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Alberto Pereira: ‘Stakeholder mapping is key’ in ERNs

octobre 2023

Amidst the discussions at the Conference on Rare Diseases and the European Reference Networks in Bilbao, we had the privilege of sitting down with Alberto Pereira, the Coordinator of the European Reference Network for Rare Endocrine Conditions (Endo-ERN). 

Alberto, who also serves as the Head of the Department of Endocrinology and Metabolism at Amsterdam University Medical Center has long been deeply engaged in the realm of rare diseases. 

We explore with Alberto his proudest achievements within Endo-ERN, the distinct features of this network, and his vision for broadening the impact of European Reference Networks (ERNs). 

As the Endo-ERN Coordinator, what’s the achievement you are most proud of, and why? 

I’m most proud of the structure that we have within our network, which is a network that covers the expertise from birth to senescence. We have both a paediatric expert chair and an adult chair, and an EPAG co-chair.

Patient representation is ensured throughout all layers of the network, and, in all of the activities, patient representation is ensured.

This holds true for the educational activities, for the guideline developments, and also for the newly developed research projects. 

Do you think this structure is shared by all ERNs? 

I don’t think so. I’m pretty sure that it’s not the case, at least not throughout all layers, though one must not be so arrogant to think that this is certain. Nevertheless, our structure is a very distinct feature of Endo-ERN.  

We have paediatric and adult expertise, ensuring the translation of the patient experience and have patient involvement in all the core activities. 

How have the members of Endo-ERN leveraged their own networks? Do you think more can be done in this regard? 

Ideally, there is an optimal translation of the European expertise and the European activities towards the national level and to the regional level and to the level of the general practitioners. But this is not the case, because the organisation of healthcare is very different amongst the different Member States. That’s why we now have this JARDIN project to implement a few important initiatives to facilitate this. 

This is not the current situation. So, from Endo-ERN representation, we try to leverage this by liaising with national rare disease networks that are under development in many of the Member States, and to standardise the dissemination outreach of our own activities, including to the GP level. By ensuring patient representation in this respect, we hope to have maximal outreach. 

As I said in my presentation, we now have a specific work package on dissemination and outreach, which is a big step for us, and for the rare disease world. 

What’s your own recipe to ensure that patients from all EU countries benefit from the collective knowledge of the ERNs?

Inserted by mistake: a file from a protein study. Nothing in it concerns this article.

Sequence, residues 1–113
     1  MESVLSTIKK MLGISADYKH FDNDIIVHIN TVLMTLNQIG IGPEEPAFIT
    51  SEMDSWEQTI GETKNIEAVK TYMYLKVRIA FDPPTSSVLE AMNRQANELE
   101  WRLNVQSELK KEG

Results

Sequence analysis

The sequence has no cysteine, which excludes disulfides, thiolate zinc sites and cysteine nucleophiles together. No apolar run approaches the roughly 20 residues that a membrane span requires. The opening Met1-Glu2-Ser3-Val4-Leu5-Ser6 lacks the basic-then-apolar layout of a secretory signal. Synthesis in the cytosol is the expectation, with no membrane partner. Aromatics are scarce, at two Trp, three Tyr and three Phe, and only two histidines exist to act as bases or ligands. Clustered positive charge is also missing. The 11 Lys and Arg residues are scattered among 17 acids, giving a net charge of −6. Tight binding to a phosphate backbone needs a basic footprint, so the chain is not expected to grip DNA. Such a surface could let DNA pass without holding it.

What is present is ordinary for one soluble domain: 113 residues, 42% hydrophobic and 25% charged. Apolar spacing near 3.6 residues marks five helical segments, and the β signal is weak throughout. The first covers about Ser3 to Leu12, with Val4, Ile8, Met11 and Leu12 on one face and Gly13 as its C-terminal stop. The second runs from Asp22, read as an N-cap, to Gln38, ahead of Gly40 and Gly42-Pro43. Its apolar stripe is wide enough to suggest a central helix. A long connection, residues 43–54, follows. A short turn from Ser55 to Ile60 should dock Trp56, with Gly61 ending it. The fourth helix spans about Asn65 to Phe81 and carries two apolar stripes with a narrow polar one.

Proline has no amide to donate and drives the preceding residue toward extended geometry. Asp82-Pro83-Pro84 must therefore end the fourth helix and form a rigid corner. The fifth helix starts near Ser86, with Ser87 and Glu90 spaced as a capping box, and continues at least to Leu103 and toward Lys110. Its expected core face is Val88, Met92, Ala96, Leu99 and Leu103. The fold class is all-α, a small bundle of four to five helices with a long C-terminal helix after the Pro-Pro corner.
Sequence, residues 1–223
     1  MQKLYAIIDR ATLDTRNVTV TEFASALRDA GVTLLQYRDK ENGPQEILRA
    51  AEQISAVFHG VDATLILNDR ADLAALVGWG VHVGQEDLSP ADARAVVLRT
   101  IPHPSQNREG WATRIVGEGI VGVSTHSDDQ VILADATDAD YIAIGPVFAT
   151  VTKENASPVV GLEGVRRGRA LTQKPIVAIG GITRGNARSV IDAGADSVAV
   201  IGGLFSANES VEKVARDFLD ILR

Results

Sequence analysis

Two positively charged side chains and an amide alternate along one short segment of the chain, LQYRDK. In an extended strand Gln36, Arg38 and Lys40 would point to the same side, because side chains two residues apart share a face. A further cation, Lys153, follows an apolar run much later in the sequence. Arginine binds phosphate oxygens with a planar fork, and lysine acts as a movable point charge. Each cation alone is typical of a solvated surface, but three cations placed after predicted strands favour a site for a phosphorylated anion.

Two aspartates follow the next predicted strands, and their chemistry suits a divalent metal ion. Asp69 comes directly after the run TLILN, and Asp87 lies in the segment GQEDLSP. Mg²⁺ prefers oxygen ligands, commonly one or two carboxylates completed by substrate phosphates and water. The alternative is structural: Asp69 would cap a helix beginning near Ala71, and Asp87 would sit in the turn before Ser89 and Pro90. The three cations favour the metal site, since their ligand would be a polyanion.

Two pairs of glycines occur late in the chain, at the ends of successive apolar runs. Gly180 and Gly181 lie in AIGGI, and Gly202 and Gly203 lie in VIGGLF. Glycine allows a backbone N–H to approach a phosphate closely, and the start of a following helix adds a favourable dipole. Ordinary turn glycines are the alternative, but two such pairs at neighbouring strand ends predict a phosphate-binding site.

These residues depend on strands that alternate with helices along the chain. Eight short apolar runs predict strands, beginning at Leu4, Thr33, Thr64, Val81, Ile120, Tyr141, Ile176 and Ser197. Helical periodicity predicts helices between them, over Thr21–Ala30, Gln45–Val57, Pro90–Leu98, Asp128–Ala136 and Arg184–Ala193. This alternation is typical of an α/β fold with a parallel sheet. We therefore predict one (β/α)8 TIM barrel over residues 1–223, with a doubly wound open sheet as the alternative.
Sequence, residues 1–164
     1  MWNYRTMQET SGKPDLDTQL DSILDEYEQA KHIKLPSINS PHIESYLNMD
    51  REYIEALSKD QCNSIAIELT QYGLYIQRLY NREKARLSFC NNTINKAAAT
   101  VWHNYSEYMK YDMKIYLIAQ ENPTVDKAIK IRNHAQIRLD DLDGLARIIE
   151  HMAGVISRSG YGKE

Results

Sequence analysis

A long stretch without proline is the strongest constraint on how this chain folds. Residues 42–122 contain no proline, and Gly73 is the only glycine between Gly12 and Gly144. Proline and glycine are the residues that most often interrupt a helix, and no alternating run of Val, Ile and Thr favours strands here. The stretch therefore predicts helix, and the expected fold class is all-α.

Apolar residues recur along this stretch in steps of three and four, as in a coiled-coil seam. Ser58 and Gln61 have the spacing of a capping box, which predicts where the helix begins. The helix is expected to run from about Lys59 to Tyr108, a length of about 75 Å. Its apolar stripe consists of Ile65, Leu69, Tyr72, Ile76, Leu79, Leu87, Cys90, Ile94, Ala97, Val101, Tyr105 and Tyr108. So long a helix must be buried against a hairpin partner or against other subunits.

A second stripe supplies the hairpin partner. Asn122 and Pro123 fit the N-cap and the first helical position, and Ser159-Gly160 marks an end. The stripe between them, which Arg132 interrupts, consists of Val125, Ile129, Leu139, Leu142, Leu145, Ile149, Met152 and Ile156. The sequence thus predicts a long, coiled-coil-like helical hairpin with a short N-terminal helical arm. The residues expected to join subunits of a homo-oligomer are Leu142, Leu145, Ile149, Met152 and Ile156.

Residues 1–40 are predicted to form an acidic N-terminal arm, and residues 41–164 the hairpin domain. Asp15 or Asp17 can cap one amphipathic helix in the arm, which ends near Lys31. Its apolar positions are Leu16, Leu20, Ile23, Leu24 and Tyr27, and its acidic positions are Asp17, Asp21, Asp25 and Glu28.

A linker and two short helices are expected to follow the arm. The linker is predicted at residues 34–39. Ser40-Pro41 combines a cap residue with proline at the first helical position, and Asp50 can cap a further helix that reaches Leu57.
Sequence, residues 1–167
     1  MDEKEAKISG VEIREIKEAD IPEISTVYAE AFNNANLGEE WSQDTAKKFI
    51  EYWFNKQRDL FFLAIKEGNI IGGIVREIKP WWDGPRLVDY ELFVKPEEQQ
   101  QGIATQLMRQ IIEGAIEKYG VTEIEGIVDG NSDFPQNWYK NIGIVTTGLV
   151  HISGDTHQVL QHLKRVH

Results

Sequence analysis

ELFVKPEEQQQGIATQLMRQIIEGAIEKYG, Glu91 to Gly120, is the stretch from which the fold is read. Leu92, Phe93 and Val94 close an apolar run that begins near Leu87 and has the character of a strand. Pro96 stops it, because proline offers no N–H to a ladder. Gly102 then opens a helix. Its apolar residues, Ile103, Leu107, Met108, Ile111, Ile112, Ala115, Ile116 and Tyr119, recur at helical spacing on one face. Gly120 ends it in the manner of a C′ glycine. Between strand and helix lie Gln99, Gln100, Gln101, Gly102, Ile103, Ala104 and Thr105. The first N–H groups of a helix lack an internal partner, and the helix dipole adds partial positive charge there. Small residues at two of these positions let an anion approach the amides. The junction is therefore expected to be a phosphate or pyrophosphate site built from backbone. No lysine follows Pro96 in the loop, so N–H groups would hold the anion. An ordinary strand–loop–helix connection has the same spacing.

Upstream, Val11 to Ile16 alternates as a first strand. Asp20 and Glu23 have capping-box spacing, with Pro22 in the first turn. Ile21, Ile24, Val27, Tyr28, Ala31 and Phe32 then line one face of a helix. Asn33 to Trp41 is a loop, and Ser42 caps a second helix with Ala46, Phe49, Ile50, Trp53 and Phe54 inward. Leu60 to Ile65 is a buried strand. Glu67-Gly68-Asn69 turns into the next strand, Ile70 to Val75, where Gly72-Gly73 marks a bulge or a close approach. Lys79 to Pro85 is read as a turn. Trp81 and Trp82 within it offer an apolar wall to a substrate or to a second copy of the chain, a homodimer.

In addition to ensuring the participation of ePAGs in all the ERN activities, we also try to leverage the initial patient organisations that are not yet represented within Endo-ERN. Specifically for the Endo-ERN Academy and the webinar programme, all the ERN webinars are recorded and can be viewed at the discretion of the patient.

Do you think more could be done to increase the ERNs’ international collaboration with rare disease networks, experts and patient organisations from other global regions beyond Europe?

Having coordinated the European Rare Disease Research Coordination and Support Action consortium (ERICA) Project, I know it really helped to broaden the horizon, in the sense that if you want to initiate new activities, you need to have a framework in which all stakeholders that want to be involved are also invited. With these kinds of expert working groups that we had in ERICA; we were able to do so. 

We had structural liaisons with the European Medicines Agency (EMA), with the National Institutes of Health (NIH), with the International Rare Diseases Research Consortium (IRDiRC), with patient representation, and with pharma companies. That is the most suitable structure, and it can be extrapolated for all other kinds of initiatives.

You can easily make a very broad advisory board, which embraces everyone who would like to be involved.

Advisory board representatives can make use of these expert working groups and any of the activities that we want. Stakeholder mapping is key to these projects. 

Alberto Pereira is the Coordinator of the European Reference Network for Rare Endocrine Conditions (Endo-ERN). He also runs the European Rare Disease Research Coordination and Support Action in a part-time capacity. Residing in Amsterdam, his principal role is Head of the Department of Endocrinology and Metabolism at Amsterdam University Medical Center. 

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